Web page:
I uploaded a full request after modifying the code, but when I saw that the test failed, I searched for the parts that I missed and corrected them. That was when I really felt the value of testing. My team measures coverage as KPI. 20% of working hours allotted for technical assignments such as making tests, build time improvements, and modularizations. There is something I felt through the experience of writing and maintaining the test codes.
It makes you follow a better architecture
A code that is difficult to test is highly likely to have a poor structure. A testable code incorporates concerns about dependency. You need to strictly follow the dependency inversion principle as you manage and organize the dependency of the source code. Uncle Bob explains it well through the dependency rule.
Dogfooding My Codes
Once you make the test, you can experience the codes you’ve written as a user. It’s like building a house and decorating the interior and then coming out to check how it looks from the outside. Checking what the window looks like, how to open the door, and where the entrance is. The window and the entrance are the same as the public API. The interior of the house is the private elements. We use the public API to check object actions in a test. We try generating an object ourselves, configuring them, calling a public method, or approaching the properties. By doing that, you can check the usability of the codes that you’ve written. If the API is sloppy, it’s difficult and painful to make a test. You may face situations where you may get thoughts like, ‘do I have to test this?’ or ‘why is this case so difficult to test?’. Therefore, you have no choice but to pay attention to the usability of the API, and if you pay attention, you can create a simpler and more intuitive API. Being simpler has several meanings, but I think the fact that there are a few public methods or properties is especially important.
A Simple and Intuitive API Design
Developing a feature → Making a test → Modifying the feature → Modifying the test. If you keep repeating the above process, it’s like growing muscles that can draw a big picture in advance within the designing stage of creating an API. For example, there are cases when the existing tests all need to be discarded and written all over again after some feature modifications. If that’s the case, it’s highly likely that the design was bad from the beginning. Publicly disclose the things that are related to policy, which do not change easily, and the detailed implementations need to be hidden or moved to the outside. If the design goes wrong, it would be impossible to make a test, or if it’s made, it’s going to be a pain to maintain it. If this happens repeatedly, we have no choice but to consider the structure, role, and testability of the object. It makes you think about what to put in this object, what to take out, and how to add dependencies. If you’re having trouble thinking about how to design a code or judging which pattern is better, it seems like a good choice to use the test codes as a standard.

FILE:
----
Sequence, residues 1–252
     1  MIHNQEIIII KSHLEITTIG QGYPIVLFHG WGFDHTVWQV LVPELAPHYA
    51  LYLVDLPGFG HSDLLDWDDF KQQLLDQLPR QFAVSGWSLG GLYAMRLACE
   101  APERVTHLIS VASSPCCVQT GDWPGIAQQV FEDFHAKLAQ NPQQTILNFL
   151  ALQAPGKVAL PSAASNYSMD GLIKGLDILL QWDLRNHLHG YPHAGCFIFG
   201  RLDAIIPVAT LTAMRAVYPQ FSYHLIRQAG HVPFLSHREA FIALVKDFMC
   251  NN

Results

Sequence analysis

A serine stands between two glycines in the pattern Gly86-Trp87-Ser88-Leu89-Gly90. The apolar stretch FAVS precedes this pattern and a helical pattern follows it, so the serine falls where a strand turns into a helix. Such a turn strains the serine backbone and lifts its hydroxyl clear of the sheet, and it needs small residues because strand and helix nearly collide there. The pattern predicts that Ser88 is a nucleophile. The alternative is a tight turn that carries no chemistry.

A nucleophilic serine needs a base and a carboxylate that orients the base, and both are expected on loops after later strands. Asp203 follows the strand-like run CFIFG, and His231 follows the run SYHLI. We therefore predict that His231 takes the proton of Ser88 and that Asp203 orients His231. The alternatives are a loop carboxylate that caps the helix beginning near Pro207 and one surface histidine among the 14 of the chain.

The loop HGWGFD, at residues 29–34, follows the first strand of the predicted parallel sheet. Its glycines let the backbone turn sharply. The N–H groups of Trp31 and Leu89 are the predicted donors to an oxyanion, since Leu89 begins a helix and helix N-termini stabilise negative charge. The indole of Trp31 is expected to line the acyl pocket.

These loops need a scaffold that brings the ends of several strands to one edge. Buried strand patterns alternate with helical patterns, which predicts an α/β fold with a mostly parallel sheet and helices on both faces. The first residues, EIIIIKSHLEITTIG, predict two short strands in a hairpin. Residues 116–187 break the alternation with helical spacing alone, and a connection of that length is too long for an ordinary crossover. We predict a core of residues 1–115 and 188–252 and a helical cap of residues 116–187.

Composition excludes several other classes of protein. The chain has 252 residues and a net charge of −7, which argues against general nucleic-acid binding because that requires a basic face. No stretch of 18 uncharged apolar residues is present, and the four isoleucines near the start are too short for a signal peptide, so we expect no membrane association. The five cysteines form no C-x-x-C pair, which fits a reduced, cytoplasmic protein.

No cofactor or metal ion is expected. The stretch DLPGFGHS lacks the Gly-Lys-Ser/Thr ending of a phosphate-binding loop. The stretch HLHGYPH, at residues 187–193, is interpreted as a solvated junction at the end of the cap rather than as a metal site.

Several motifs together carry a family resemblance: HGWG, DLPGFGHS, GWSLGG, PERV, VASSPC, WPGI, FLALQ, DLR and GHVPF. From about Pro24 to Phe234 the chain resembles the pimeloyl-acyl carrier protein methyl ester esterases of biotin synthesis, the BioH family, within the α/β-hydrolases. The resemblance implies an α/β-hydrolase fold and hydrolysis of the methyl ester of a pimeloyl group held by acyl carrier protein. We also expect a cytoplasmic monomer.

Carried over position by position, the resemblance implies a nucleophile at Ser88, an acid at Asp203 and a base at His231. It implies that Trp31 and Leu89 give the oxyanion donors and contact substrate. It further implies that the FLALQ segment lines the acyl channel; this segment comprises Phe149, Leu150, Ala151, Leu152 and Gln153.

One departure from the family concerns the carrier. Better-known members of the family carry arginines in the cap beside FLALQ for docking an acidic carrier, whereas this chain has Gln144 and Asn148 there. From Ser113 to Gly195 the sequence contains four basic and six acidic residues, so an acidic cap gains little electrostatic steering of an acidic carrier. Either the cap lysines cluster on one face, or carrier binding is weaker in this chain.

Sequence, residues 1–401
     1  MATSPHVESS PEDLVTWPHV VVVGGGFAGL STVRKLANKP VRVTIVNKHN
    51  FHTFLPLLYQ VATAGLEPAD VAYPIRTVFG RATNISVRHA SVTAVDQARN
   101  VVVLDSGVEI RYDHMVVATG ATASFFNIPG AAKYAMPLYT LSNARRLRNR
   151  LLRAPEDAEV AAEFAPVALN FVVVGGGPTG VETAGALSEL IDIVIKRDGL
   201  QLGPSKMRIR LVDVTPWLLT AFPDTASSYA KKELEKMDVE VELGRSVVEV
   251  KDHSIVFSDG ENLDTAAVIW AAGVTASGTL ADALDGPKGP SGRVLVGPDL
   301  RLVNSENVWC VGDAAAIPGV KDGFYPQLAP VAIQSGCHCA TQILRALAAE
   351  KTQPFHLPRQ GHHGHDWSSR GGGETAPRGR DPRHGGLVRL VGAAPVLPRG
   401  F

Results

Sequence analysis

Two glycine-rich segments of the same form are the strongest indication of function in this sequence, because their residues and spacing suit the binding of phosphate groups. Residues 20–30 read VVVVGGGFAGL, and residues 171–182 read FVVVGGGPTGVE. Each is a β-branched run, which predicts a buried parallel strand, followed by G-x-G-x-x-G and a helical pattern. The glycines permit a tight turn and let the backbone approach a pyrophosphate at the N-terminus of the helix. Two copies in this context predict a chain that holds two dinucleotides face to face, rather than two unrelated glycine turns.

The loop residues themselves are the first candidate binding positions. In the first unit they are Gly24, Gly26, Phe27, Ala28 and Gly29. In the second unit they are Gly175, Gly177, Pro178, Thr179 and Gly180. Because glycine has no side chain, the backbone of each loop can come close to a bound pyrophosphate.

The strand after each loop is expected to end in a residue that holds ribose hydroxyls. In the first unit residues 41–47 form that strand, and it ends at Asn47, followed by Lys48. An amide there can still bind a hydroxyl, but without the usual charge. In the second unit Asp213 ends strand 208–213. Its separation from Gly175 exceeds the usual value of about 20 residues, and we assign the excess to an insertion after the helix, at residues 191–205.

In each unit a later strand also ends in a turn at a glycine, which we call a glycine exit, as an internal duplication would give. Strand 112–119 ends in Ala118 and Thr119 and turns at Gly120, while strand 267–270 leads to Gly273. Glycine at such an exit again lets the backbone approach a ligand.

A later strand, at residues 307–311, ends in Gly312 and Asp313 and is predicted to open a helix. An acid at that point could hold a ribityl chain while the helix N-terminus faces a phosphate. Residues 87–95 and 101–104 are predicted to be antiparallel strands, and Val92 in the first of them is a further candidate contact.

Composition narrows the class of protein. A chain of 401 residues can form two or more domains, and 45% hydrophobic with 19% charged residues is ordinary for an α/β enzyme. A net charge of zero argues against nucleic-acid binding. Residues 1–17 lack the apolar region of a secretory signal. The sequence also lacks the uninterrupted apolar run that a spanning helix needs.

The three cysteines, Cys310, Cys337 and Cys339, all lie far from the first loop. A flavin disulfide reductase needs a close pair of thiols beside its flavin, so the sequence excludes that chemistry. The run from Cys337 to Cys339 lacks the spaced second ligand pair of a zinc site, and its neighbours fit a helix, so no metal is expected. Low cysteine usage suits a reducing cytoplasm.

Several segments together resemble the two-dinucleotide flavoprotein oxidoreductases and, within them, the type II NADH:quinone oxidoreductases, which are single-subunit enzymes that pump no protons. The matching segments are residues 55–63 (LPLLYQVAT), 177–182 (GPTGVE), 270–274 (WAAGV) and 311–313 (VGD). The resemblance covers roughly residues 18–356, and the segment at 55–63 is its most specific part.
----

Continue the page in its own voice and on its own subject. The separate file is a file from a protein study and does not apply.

Increase the team’s ability to create and maintain meaningful tests
Unfortunately, it’s not like you can just make a test code one day because you want to. There needs to be a code structure and an environment where you can make a test. Therefore, you need to introduce and maintain an architecture that can create a test. It’s too difficult to create a test on Apple’s MVC. There is a problem where a user action event cannot occur without creating a UI. Also, testing is difficult in ViewContoller because the lifecycle-related method is complex and there are too many of them. It’s also not simple to inject dependency. So architectures like MVVM, VIPER, RIBS, etc. were created. However, introducing architecture is not the end. Architectures are not silver bullets, so they constantly change depending on the problems that need to be solved and the situations the team is placed in. Therefore, technical leadership that maintains a structure where testing is possible over time, and testing is not difficult but interesting is important. Also, teamwork which builds an environment that doesn’t make testing feel difficult and maintains the level of productivity, and introduces or makes appropriate tools is important.